Have a comment on this story? Please click "Add Your Comment" below. If you'd like to contact Dark Reading's editors directly, send us a message.

Kelly Jackson Higgins is Executive Editor at DarkReading.com. She is an award-winning veteran technology and business journalist with more than two decades of experience in reporting and editing for various publications, including Network Computing, Secure Enterprise ... View Full Bio

Comment  | 
Print  | 
More Insights
Comments
Newest First  |  Oldest First  |  Threaded View
theonlyaether
50%
50%
theonlyaether,
User Rank: Apprentice
3/31/2012 | 4:56:38 AM
re: China Hacked RSA, U.S. Official Says
It's not uncommon to lease servers in China and a lot of their data centers don't ask any questions. Just because the Chinese took the money to host the C&C servers does not a Chinese attack make. It still could be anyone unless the C&C servers can be seized and analyzed. That's the reason to have them in China, as it may be.
Bprince
50%
50%
Bprince,
User Rank: Ninja
3/30/2012 | 3:43:14 AM
re: China Hacked RSA, U.S. Official Says
Companies are going to be reluctant to name names a lot of the time because they do business in certain countries too. It's easier for a government to take that kind of risk.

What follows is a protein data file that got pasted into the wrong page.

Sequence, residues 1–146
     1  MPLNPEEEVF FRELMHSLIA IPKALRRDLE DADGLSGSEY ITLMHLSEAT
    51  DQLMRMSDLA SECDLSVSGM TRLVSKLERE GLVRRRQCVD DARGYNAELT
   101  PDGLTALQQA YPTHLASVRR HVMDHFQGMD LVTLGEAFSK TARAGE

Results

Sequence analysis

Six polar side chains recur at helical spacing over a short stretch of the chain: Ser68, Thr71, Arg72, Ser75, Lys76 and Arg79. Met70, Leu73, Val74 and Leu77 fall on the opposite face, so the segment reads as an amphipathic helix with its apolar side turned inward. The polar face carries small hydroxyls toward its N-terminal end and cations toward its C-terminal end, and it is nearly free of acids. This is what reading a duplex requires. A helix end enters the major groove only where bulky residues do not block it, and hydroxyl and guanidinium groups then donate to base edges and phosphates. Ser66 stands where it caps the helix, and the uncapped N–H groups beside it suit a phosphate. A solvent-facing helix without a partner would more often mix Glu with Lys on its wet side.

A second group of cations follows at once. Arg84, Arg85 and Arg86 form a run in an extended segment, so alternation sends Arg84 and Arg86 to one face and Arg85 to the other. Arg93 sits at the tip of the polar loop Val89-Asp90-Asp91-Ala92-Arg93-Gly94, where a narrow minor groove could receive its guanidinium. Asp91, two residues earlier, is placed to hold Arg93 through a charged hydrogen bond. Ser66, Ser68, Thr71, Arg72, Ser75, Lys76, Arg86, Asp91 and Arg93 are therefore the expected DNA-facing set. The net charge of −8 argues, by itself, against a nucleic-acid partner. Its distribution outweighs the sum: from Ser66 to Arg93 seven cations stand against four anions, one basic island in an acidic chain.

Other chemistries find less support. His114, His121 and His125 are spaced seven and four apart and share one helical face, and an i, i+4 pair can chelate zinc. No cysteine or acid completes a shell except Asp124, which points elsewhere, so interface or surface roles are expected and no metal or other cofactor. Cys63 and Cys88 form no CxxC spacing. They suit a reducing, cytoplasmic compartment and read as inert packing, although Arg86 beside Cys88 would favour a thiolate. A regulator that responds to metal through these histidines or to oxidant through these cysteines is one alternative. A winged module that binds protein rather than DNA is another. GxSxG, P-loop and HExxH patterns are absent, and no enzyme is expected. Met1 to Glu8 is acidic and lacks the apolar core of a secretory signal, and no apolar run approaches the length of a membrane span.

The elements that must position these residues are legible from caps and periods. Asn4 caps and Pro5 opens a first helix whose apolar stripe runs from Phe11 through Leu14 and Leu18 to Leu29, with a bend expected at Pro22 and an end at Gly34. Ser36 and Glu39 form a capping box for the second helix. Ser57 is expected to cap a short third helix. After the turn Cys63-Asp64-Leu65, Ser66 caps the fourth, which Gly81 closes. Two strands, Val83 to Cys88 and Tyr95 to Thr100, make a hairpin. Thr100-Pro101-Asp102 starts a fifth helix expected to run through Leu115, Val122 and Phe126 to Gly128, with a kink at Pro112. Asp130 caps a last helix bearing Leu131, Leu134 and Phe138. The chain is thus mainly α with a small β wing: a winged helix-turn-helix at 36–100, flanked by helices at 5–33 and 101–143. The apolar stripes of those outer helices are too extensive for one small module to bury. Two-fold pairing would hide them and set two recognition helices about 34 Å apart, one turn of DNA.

Brian Prince, InformationWeek/Dark Reading Comment Moderator
h4zzmatt@yahoo.com
50%
50%
[email protected],
User Rank: Apprentice
3/29/2012 | 5:43:13 PM
re: China Hacked RSA, U.S. Official Says
- So RSA is saying the the government has more-information-about the attack then they themselves do? WTF?

- If I read-between-the lines here I see RSA accusing Gen Alexander of making shit up but not wanting to actually say that. -And in the absence of any proof from Gen Alexander I must say I agree.

- Sorry General, but an accusation such as that from someone such as yourself, in these heated cyber cold war times, really needs to have some prof behind it. We can't just go on your say so.

- h4zzmatt
Printers: The Weak Link in Enterprise Security
Kelly Sheridan, Associate Editor, Dark Reading,  10/16/2017
20 Questions to Ask Yourself before Giving a Security Conference Talk
Joshua Goldfarb, Co-founder & Chief Product Officer, IDDRA,  10/16/2017
Why Security Leaders Can't Afford to Be Just 'Left-Brained'
Bill Bradley, SVP, Cyber Engineering and Technical Services, CenturyLink,  10/17/2017